Again as I stated above, you must assume a ``use at own risk" attitude when firing these guns. Moderate handloads would be my recommendation to anyone considering a rifle converted from one cartridge to another.

And so the FR-7 and FR-8 served Spain from 1965 to around 1980. By then the 5.56 Cetme models had been adopted and the older model `C's filtered down to the auxiliary forces.

Most of the FR-7's & 8's were seldom used But some saw use in various campaigns including N. Africa as Spain tried to hold onto colonialized Spanish Sahara.

Today Spanish collectors are having trouble finding these guns. All were sold for export. My Spanish friend paid 200 German Marks (about $160 Canadian) for his FR-8 on a trip to Nuremberg in 1993. He said at that show he saw several that had been sadly sporterized.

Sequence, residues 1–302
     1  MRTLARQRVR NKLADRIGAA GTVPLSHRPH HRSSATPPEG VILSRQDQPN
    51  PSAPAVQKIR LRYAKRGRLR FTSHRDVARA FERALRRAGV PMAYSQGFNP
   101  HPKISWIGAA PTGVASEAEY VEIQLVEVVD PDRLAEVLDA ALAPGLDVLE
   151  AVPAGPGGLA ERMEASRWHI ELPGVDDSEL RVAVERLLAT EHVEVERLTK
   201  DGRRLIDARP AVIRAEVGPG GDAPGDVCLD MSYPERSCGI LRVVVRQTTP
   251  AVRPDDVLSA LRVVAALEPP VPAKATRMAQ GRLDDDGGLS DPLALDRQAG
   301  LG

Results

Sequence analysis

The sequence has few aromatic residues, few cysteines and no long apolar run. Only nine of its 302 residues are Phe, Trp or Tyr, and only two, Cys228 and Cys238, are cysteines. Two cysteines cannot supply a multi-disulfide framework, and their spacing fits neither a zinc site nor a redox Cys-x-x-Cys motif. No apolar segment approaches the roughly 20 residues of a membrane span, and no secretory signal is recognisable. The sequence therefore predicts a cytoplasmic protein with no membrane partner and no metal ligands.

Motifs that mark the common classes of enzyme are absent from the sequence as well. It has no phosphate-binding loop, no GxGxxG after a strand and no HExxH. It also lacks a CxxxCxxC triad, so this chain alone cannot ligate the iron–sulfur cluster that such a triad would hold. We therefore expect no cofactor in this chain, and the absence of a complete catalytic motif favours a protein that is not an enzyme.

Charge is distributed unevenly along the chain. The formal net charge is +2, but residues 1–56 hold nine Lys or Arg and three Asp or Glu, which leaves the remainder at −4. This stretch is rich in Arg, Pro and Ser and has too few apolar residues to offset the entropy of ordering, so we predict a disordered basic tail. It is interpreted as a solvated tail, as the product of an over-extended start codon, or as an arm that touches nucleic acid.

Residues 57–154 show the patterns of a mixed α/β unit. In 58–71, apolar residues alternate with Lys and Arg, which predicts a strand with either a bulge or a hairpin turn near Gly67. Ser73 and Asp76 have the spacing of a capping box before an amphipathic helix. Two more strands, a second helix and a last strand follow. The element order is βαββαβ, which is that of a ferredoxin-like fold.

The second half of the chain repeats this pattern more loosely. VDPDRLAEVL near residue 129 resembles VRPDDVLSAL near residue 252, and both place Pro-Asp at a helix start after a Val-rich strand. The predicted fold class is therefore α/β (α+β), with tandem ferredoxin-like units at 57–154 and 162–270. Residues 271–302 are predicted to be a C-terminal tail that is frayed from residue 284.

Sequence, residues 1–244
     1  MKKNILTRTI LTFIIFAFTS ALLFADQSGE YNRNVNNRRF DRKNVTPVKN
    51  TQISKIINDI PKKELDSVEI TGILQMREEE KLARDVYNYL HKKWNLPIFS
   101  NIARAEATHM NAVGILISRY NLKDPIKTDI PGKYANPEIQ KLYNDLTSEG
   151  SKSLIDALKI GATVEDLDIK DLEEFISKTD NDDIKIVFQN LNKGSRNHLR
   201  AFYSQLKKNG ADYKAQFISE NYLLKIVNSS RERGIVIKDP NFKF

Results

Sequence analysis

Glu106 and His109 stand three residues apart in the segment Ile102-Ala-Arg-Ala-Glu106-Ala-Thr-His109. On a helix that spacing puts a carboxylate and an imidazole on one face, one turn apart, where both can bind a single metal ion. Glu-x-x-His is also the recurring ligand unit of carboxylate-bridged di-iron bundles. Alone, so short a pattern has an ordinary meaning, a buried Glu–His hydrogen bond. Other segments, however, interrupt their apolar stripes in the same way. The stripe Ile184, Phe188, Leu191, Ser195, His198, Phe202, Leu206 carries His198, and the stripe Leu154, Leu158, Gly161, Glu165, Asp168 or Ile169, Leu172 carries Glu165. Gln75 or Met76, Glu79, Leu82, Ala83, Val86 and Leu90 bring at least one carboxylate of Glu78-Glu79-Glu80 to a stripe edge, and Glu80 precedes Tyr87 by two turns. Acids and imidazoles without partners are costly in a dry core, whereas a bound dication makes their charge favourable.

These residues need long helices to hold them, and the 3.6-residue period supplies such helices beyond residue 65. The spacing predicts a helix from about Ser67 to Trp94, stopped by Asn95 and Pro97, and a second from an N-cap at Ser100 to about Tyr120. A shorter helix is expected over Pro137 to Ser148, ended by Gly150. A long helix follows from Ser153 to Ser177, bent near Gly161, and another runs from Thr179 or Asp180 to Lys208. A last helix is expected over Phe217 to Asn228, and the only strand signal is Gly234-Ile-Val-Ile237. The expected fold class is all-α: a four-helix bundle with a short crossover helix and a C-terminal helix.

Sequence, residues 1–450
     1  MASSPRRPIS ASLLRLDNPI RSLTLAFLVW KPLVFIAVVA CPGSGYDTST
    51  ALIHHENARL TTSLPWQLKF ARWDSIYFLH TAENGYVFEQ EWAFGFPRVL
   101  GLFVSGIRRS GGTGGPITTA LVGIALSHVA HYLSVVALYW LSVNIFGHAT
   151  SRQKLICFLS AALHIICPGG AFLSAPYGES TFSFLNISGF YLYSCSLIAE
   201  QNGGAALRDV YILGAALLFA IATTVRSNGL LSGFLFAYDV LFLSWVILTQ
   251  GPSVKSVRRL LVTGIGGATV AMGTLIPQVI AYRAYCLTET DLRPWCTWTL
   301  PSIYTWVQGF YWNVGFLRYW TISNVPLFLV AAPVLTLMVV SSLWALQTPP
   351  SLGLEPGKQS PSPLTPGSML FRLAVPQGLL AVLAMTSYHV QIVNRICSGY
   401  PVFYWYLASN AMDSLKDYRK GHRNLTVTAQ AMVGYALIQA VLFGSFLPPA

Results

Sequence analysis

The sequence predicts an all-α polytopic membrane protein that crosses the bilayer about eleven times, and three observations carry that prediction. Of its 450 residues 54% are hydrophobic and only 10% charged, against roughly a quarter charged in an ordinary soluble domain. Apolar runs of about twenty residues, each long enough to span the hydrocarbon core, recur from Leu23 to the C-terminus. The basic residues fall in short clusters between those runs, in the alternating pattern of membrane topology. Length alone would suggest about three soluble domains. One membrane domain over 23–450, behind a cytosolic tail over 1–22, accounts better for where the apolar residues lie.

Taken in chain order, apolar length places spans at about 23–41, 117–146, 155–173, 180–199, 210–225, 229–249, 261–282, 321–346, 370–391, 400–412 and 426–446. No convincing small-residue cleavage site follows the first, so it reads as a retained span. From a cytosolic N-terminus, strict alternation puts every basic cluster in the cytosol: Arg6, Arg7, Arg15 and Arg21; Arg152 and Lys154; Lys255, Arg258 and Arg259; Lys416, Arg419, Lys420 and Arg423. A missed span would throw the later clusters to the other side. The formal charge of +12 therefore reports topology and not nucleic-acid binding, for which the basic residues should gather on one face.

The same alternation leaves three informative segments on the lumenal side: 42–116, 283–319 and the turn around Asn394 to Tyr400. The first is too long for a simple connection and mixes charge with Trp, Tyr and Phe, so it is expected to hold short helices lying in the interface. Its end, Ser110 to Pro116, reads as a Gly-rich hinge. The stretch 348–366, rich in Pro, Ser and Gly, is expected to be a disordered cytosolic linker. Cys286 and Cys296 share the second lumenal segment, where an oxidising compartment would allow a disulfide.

Thanks go out to the many people that helped on this project, especially Angela Laird who learned all about rifles while translating pages of Spanish text and the Spanish embassy in Ottawa for taking an interest in this project!

March - 2002, I received the following email from another ex-military man from Spain named Ignacio...

"As i'm not fluent in english i´ll try to sumarize:

FR-7, Really never intended to be used by the Spanish Army, in fact belonged
to Guardia Civil, simiral to french "Gendarmería"

FR-8, Never intended for using the 7,62 CETME ammunition, this cartidge was
only used in CETME Mod.B assault rifle, is a kind of "low power" 308 NATO,
so the FR 8 was to be used with the NATO happens that the usual
spanish cartidge is ligthly more powerful than the german (ask the
Argentinians that used Spanish Santa Barbara ....)

FR-8 was not in use in Spanish Sahara....may be you saw older photos
showing 1943/44 7,92 rifles.
In spanish service there is no 8x57....always we use 7,92."



Don't fall for the Hype shoved at these great guns...There's only one person that perpetuates this myth...Ignore the pest!!